This study explores the effects of national culture differences on the behavioral consequences of imposing performance evaluation and reward systems (PERS). It postulates that two cultural dimensions — individualism/collectivism and power distance — can modify employees' decisions under, as well as satisfaction with, imposed performance evaluation and rewards aimed at modifying their work-related behavior. In a laboratory experiment that focused on a teamwork setting, these cultural attributes were operationalized via a comparison of US vs. Chinese nationals in Taiwan (CNT). On the whole, the results were consistent with US nationals significantly changing the team orientation of their decisions in response to imposed performance measures and rewards, but a similar impact was not found for the CNT subjects. And, consistent with culture-based predictions, US nationals had significantly lower satisfaction under imposed, rather than self-selected, performance evaluation and reward structures, while their CNT counterparts did not have a similar adverse reaction. These results are consistent with prior Anglo-American-based research that the PERS significantly affects employee behavior. But they also suggest that this finding may not be directly generalizable to employees whose national cultures differ from those of Anglo-Americans.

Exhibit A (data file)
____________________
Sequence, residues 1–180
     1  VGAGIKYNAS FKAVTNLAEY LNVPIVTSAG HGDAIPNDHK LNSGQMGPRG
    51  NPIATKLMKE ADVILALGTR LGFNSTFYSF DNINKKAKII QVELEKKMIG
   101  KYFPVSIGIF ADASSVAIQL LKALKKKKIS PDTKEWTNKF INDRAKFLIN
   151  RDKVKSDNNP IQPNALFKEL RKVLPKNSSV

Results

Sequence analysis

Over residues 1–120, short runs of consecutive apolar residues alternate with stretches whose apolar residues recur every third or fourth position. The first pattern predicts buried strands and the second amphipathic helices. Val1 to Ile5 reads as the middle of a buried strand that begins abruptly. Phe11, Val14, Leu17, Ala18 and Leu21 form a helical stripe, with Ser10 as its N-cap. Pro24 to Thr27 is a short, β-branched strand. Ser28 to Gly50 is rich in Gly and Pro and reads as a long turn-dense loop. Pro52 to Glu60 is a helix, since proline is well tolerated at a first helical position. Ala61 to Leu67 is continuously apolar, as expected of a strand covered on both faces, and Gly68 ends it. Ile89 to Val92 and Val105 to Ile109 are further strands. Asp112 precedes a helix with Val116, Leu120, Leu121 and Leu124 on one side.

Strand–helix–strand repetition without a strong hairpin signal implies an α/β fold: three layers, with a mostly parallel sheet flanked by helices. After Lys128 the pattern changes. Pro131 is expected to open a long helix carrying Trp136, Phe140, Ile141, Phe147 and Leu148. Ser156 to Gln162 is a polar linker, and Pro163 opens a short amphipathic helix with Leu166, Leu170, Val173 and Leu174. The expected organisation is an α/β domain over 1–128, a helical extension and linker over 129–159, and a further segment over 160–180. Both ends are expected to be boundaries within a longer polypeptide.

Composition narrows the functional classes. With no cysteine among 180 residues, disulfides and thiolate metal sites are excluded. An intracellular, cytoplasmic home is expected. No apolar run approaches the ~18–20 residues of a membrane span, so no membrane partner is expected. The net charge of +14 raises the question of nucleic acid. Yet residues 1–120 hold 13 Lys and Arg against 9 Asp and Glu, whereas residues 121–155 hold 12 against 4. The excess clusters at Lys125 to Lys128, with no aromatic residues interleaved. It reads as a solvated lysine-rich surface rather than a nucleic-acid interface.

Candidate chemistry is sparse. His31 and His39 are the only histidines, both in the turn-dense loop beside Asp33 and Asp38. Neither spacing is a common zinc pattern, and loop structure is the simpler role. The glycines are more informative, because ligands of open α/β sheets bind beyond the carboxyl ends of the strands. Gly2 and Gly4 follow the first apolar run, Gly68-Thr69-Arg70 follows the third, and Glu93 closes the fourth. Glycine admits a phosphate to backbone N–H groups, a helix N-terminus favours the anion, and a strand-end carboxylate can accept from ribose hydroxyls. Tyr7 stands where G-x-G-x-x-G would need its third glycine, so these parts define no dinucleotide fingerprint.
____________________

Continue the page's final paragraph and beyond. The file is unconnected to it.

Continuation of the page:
The International Journal of Accounting,36,291-309